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1. Introduction

Click-Through Rate (CTR) is a crucial task for recommender systems, which estimates the probability of a user to click on a given item (Qu et al., 2018; Guo et al., 2017). In an online advertising application, which is a billion-dollar scenario, the ranking strategy of candidate advertisements is by CTRbid where “bid” is the profit that the system receives once the advertisement is clicked on. In such applications, the performance of CTR prediction models (Qu et al., 2018; Guo et al., 2017; Zhou et al., 2018) is one of the core factors determining system’s revenue.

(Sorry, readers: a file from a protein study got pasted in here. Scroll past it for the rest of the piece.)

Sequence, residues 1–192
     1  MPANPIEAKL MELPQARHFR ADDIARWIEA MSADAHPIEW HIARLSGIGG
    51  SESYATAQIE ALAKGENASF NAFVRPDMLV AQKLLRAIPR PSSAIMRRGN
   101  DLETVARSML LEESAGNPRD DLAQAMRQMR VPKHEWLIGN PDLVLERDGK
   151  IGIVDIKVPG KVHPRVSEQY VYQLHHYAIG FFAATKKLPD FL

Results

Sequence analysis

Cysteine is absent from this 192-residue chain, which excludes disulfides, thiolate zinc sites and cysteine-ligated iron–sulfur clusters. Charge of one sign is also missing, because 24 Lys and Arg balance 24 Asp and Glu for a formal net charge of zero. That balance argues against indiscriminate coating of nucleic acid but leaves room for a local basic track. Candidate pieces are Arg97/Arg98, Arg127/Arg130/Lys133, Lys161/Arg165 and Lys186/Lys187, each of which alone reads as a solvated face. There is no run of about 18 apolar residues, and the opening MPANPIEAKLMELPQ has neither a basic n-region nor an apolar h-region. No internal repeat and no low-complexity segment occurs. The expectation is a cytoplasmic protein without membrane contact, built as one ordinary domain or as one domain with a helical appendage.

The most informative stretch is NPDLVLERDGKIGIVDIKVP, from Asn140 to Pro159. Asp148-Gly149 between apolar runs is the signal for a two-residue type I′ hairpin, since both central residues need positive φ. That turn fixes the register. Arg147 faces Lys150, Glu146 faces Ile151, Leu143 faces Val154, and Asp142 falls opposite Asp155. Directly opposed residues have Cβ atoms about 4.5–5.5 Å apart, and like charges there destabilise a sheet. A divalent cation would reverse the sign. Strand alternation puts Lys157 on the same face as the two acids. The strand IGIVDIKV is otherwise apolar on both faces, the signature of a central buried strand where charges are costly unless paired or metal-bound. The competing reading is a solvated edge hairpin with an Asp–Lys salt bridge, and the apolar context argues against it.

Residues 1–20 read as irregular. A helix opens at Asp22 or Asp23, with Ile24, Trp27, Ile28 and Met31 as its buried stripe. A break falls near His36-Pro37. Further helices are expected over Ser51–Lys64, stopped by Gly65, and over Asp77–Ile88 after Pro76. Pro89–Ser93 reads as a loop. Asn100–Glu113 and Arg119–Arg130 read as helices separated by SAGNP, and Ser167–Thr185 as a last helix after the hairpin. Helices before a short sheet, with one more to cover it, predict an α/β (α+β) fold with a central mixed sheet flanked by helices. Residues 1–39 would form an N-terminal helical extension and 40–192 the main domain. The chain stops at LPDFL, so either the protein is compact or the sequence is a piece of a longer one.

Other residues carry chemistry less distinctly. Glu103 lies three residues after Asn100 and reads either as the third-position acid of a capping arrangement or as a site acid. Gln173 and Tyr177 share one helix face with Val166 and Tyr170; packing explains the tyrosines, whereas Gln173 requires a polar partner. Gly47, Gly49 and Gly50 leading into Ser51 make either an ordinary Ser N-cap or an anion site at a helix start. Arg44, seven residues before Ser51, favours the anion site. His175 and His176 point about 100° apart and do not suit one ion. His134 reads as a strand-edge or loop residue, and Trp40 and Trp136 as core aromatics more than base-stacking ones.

Figure 1. Comparision Between our Model and Wide & Deep Model

The key challenge for CTR prediction tasks is to effectively model feature interactions. Generalized linear models, such as FTRL (McMahan et al., 2013), perform well in practice, but these models lack the ability to learn feature interactions. To overcome the limitation, Factorization Machine (Rendle, 2010) and its variants (Juan et al., 2016)

are proposed to model pairwise feature interactions as the inner product of latent vectors and show promising results. Recently, deep neural networks (DNN) have achieved remarkable progress in computer vision 

(He et al., 2015; Szegedy et al., 2016)

and natural language processing